There’s an opinion that content marketing is some kind of magic. It is not. Content marketing is a step-by-step and cyclical work with its own tools, tasks and types. I distinguish 5 methods or stages of content marketing:
- Audience research
- Writing questions and selecting formats
- Bottom line analysis
- Repetition of steps along the chain
More often than not, the main goal of content marketing comes down to sales, webinar registrations or sign-ups for services. Let’s talk about the objectives at each step.
1. Conduct audience research
The first step is to understand who our customers are. Start by researching your channels: social media, website, or blog. Then, ask around with those who work directly with customers – call center, sales, or salespeople.
To make it easier, here’s a short list of questions:
- – who are our customers?
- – What are their problems or concerns?
- – How can we help solve them?
Then, research your competitors. Keep asking yourself questions from their customers’ point of view: what are they doing? Why is it this way? Why is it popular and why not?
Even basic answers, without in-depth research, will set the stage for future content. An example of competitor analysis for fresh food delivery Wo!Milk in Google Charts
Audience research in our cases
– Petrovka. How audience research helped improve service
– Eurostroy: elite real estate. How audience research helped reduce the cost of conversions by 10 times
2. Write down readers’ questions and propose their solution in a convenient way
Articles, videos, podcasts are all content formats with different labor costs: in terms of time, budget and complexity of production. We recommend starting with simple formats like articles, social media posts and Medusa-style cards.
To make it easier to select formats, write down the audience’s questions and break them down into three solutions: pragmatic, social or emotional. An example is a Montessori content table for kindergarten and school.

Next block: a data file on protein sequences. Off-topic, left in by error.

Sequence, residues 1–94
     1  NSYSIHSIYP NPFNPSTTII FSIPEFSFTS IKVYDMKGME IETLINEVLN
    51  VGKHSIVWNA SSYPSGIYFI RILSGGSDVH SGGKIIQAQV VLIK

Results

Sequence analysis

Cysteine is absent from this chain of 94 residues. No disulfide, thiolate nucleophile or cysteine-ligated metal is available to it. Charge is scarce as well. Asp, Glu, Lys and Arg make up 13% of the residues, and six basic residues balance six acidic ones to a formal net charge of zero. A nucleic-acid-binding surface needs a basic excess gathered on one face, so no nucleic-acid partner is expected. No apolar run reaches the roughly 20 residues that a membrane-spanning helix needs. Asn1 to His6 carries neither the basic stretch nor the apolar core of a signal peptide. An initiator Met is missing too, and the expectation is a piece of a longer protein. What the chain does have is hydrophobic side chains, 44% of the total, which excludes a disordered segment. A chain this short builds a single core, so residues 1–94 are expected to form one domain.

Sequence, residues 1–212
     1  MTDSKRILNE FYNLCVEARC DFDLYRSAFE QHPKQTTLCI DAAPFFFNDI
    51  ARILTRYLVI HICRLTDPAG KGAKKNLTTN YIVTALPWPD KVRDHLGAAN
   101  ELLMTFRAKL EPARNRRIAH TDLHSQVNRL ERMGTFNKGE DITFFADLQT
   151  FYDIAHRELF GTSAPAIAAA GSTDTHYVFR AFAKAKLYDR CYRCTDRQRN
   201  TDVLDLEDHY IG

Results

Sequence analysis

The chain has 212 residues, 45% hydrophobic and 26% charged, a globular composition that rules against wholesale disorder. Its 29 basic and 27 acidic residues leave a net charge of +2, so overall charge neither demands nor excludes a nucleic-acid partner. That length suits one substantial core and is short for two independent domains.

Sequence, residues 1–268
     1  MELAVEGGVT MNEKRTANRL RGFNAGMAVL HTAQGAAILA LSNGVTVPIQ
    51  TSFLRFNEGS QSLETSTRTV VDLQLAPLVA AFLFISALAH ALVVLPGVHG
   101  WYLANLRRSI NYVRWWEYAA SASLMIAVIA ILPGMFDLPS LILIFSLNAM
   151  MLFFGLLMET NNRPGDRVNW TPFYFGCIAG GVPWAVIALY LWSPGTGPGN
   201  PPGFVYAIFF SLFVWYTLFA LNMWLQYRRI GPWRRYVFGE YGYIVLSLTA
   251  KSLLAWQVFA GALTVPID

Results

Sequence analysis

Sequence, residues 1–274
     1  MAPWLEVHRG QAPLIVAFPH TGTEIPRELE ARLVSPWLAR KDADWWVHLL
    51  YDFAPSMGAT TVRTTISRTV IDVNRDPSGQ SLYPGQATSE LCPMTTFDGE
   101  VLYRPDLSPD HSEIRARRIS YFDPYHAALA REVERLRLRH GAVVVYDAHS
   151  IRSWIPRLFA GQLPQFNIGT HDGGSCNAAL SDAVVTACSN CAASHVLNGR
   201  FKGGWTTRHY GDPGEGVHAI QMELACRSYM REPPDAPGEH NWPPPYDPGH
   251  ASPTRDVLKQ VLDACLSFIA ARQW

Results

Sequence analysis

When creating this model, we were inspired by a variant from editor Maxim Ilyakhov, and before that we used a rubric distribution. Unlike rubrics, here we are guided not by the “rubric formats” themselves, but by the tasks of potential clients.
The main thing – to collect as many as possible, at first glance, crazy ideas. When you start creating content, you’ll understand what you can take now, and what you can’t.
3. Start gathering questions for future content
Comments under posts are the source of topics
In order to keep your “casket” of customers’ questions and concerns flowing, you need to try to organize their inflow. There are several options here:
– Take questions and concerns from the CRM system. Most often, it is linked to all platforms: online chat on the site, mail, messengers of social networks. Once a day, we look through the correspondence and pull interesting situations into the table.
– Start a separate section on the site or in social networks – with questions to your experts. To spur communication, write some questions and answers yourself. One option for the site is Google Form.
– Keep track of your audience’s resources. Almost always, your audience is reading and researching something else on a similar topic. Sign up with them to draw new questions and deal with situations with your expertise.
4. Invest in content distribution
All content needs promotion.
Imagine a client receiving hundreds of messages in a day-from family and friends, Telegram feeds, work email and Facebook feeds. Breaking through this information noise is not easy.
So, your content needs advertising: to get more subscribers and new viewers to see it in your social media feeds, search engine results and email views.
We recommend starting with case study advertising, if your business can do it. In cases, you have the opportunity to maximize your value – to talk about the customer who contacted you, their problem, the joint solution, and the intricacies of implementation. The reader sees your actions in action.
5. Repeat all the steps.
Going through all the steps once is a win. But you have to go through them each time to understand the bottlenecks at each step: did we get the CA right? And their problems and challenges? Did we get the format right? And the sites of placement? And the audience for advertising? Does the content help our business goals: coverage, consultations, sales?